What Good is a Dialogue?
By Brent Smith
October 30, 2017
How many times have we heard this repeated, by politicians, pundits, activists, etc.?
“We need to have a dialogue…” – or “we need to have a national discussion…” It’s repeated incessantly from those on the left and the right, in an effort to score cheap political points.
“We need to have a discussion about racism.” “We need a real dialogue about gun control” - as opposed to a fake dialogue. “We need an honest immigration debate.”
These are easy throw-away soundbites. They roll off the tongue, dripping with false empathy.
Yet time after time, we see the irony played out, when someone on the right is willing to put themselves out there and do just that, only to have radicals on the left attempt to shut him or her down.
It happened again just last week in, where else – California. This time anarchists took a break from Berkeley, and assembled at the University of California at Los Angeles. And in the irony of all ironies, they shut down a panel discussion on…wait for it… “civil discourse.” Yes – the “let's have a dialogue” crowd was shut down for trying to “have a dialogue.”
Yet much to the surprise of I’m sure many, Uncle Joe, Joe Biden, had an unusually cogent moment - taking a break from putting his foot in his mouth.
Last week, he and John Kasich took the stage at University of Delaware. Biden admirably defended the First Amendment and everyone’s right to speech. He explained that, freedom of speech is “one of the defining features of who we are.” He added: “We hurt ourselves badly when we don't allow the speech to take place,” the former vice president continued. “Now, speech can move to the point of incitement…But the truth of the matter is, the incitement that occurs before a person even speaks—that falls on those who are engaged in that violence. Not on the speaker.” Well said Uncle Joe.
However, most on the left are not so reasoned or reasonable. William Lacy Clay, Jr. said, “It's an issue that we need to have a national discussion about, the militarization of local police forces, and then when they are used to quell peaceful demonstration. Then we have a problem, and especially around this entire case of the murder of Michael Brown at the hands of a Ferguson police officer.”
And who is he? William Lacy Clay Jr., is a black activist who doubles as a Missouri Congressman – a man who sees racism in his morning bowl of cereal because the milk is white. He is typical of why “national discussions” are worthless.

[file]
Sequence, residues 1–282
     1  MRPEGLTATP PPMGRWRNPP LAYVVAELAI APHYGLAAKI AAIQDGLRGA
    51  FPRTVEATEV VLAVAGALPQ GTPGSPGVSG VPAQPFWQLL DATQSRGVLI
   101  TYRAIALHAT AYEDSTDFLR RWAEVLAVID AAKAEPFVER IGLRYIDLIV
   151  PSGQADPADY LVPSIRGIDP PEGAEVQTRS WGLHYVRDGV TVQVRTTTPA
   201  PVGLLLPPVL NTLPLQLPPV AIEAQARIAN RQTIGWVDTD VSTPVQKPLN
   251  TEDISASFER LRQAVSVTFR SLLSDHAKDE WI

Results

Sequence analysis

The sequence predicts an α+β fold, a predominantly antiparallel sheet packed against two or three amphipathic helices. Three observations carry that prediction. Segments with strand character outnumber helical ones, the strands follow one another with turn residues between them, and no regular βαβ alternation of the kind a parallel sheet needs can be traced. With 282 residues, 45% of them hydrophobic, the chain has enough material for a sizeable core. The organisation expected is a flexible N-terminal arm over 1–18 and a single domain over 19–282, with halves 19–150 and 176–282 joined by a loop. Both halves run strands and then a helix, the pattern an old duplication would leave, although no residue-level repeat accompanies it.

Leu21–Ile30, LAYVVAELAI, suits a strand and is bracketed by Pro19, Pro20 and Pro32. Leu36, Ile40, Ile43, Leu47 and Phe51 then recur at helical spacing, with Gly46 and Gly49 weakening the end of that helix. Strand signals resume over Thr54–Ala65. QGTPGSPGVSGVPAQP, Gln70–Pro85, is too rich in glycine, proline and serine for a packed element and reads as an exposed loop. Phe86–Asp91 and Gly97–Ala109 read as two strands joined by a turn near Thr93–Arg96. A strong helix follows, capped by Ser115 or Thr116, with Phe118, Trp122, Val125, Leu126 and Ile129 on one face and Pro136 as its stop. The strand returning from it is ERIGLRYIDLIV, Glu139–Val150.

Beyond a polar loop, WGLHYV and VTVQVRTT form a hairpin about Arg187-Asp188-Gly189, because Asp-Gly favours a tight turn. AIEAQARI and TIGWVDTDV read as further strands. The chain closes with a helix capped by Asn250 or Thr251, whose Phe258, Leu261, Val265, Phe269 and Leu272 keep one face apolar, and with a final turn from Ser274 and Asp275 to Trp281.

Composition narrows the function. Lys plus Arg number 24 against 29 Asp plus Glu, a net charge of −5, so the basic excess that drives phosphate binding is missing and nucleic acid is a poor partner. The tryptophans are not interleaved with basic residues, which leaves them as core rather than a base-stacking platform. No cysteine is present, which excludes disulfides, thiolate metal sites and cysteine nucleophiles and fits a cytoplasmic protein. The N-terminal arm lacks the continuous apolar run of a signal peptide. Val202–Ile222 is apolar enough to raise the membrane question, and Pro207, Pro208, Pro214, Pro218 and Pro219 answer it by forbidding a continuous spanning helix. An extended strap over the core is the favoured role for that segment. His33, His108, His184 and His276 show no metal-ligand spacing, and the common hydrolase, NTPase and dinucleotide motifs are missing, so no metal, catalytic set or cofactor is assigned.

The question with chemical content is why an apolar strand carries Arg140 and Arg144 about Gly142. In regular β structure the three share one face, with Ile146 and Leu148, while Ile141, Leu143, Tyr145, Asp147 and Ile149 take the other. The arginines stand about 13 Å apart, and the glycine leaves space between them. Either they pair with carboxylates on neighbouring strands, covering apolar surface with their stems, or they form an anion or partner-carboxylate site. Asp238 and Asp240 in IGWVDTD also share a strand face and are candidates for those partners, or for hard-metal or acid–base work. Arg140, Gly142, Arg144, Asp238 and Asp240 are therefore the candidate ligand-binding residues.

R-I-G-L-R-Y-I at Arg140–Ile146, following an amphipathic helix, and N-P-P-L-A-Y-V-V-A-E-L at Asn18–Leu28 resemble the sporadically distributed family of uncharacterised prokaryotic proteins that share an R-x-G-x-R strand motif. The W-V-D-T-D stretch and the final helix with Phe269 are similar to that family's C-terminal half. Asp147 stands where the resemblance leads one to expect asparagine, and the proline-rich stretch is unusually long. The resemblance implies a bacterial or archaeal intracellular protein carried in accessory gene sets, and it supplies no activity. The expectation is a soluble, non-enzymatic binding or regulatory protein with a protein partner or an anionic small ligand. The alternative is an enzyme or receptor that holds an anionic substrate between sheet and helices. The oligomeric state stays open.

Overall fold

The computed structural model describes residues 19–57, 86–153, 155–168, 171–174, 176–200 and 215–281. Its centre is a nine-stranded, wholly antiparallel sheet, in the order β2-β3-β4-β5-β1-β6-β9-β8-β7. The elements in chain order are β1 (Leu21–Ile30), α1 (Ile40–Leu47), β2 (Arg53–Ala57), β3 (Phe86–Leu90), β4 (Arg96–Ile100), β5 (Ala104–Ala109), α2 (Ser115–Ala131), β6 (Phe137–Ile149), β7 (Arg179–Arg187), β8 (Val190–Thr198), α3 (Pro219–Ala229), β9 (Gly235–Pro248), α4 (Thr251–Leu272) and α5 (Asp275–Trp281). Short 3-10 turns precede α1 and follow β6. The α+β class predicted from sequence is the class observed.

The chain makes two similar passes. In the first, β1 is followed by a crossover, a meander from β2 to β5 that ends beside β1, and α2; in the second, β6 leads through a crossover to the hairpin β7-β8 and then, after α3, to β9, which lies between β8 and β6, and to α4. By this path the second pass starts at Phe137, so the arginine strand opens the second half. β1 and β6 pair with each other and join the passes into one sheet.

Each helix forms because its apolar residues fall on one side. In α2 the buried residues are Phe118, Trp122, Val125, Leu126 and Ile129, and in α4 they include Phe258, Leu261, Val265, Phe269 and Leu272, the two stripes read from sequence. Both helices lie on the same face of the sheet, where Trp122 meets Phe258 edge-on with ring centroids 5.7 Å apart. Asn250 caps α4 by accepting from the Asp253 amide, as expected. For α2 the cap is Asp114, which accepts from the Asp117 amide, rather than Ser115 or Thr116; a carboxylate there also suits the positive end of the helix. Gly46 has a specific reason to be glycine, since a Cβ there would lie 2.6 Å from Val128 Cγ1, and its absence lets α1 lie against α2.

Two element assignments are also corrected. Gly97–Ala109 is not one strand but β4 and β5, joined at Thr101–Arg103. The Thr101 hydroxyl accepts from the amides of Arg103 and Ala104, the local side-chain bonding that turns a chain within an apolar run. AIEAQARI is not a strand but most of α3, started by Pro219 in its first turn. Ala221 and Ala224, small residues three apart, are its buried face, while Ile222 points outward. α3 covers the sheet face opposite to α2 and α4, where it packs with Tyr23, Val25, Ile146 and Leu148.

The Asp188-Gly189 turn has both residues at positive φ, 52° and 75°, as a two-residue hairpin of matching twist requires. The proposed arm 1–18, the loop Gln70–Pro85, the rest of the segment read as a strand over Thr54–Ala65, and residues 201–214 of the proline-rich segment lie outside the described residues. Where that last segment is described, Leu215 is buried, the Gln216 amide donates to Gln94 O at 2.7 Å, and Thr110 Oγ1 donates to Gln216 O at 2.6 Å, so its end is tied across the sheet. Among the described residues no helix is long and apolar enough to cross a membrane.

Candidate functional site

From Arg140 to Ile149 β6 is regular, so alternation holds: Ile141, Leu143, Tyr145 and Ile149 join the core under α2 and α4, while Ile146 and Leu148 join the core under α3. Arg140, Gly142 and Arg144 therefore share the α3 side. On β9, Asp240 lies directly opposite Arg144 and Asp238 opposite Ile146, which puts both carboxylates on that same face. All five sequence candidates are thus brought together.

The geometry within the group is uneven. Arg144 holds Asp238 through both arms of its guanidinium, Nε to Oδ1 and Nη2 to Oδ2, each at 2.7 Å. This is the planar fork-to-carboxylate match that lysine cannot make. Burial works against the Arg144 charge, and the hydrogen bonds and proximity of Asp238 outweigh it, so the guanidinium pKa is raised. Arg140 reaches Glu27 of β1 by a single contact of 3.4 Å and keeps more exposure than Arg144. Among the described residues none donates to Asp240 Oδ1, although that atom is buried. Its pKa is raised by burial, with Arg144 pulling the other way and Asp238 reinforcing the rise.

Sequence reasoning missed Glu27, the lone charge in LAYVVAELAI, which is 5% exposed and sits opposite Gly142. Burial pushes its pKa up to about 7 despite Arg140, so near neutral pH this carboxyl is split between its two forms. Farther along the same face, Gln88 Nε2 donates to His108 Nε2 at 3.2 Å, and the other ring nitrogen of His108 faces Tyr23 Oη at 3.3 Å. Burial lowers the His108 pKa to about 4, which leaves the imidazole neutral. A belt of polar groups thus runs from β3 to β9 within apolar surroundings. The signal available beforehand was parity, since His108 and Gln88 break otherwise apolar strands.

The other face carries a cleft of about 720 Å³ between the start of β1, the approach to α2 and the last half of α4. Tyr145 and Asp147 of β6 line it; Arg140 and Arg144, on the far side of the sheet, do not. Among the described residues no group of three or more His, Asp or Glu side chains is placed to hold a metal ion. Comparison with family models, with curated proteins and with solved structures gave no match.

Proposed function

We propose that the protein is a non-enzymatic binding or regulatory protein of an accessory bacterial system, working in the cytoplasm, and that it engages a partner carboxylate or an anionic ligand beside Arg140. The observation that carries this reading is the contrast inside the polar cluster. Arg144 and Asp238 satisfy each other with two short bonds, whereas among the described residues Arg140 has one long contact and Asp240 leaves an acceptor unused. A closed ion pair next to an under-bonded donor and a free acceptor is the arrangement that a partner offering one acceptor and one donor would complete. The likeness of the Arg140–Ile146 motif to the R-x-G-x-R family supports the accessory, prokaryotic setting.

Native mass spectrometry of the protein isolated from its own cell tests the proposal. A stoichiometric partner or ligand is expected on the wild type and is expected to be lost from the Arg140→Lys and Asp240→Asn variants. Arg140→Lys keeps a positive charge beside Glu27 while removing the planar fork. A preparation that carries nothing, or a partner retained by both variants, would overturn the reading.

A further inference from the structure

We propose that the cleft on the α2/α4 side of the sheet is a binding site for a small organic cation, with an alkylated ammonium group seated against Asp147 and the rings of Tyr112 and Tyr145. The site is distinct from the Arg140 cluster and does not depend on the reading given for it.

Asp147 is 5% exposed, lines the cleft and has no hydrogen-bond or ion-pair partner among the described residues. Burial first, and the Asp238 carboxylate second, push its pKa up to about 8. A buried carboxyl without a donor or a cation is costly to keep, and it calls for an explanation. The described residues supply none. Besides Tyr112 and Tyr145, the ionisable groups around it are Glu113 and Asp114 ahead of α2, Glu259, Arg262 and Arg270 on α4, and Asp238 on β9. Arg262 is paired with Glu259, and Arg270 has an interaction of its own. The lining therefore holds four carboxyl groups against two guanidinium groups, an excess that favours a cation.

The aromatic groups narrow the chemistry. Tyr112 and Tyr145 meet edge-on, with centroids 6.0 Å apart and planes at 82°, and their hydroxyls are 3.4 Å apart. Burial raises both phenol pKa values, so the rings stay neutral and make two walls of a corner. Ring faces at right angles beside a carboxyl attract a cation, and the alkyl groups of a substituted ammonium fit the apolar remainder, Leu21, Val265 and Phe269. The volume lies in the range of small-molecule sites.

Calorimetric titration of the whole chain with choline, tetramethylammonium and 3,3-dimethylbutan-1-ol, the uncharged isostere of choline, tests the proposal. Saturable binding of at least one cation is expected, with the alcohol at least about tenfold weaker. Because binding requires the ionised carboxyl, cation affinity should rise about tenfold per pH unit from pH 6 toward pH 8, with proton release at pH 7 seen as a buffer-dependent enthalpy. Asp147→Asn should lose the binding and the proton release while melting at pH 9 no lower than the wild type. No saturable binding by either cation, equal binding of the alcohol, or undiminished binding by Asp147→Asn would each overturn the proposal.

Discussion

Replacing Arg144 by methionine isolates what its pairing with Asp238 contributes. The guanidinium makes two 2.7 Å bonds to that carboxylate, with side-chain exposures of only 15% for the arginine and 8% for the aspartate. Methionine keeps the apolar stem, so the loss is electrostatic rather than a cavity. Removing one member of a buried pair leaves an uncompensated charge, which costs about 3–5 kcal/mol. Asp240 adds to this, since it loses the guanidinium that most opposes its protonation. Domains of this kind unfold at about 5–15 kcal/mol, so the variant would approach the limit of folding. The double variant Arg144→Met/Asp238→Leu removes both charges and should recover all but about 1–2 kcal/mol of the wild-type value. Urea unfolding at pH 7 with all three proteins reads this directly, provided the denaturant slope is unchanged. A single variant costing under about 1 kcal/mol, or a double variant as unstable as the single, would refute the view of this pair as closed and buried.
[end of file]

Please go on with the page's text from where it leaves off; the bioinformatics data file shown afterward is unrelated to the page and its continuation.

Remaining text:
On gun control, Tom Brokaw said in 2016 that, “We don’t have any dialogue going in America about these mass-shootings that have occurred…” Translation: more gun control – end of dialogue.
The problem with today’s left is they want it both ways. They claim to want to have “dialogues” regarding everything that bothers them, but of course it’s the exact opposite – and we on the right know it, or at least should by now. No one can have it both ways for long – not even leftists.
You can’t rid society of some guns without eventually confiscating them all. And when all the guns are gone they will move on to the next “threatening” item.
You can’t end “hate speech” without eventually ending all free speech. And you certainly can’t “end” racism and bigotry without ending all human life on this planet.
I’m not saying we shouldn’t discuss these various topics, as uncomfortable as some may be. I’m saying we should do so on a personal level, separated from the hive mentality, where everyone, through peer pressure, is expected to think and act as one. Nothing good will ever come from a mob. Nor will anything ever be accomplished by listening to politicians, pundits, and talking heads who have something to gain by spouting their nonsense on a national stage.
Human beings are individuals, and as individuals, no two of us look exactly the same, act the same, think the same, or express ourselves in the same manner.
As daunting and time-consuming as it sounds – individual hearts and minds can only be changed one at a time. They cannot be changed by the force of a mob, legislation, or some ethereal “national dialogue.”
Brent Smith, "The Common Constitutionalist," offers not just conservative commentary and analysis, but a blend of politics, history, arts, science, and humor. Whoever said conservatives aren’t funny? Yeah, I know…most people. Brent is a contributing writer for numerous online publications. When he is not burning the midnight oil writing his insightful commentaries, he is raising his two teenage sons to be patriots and Conservatives.
Visit Brent Smith's website at www.commonconstitutionalist.com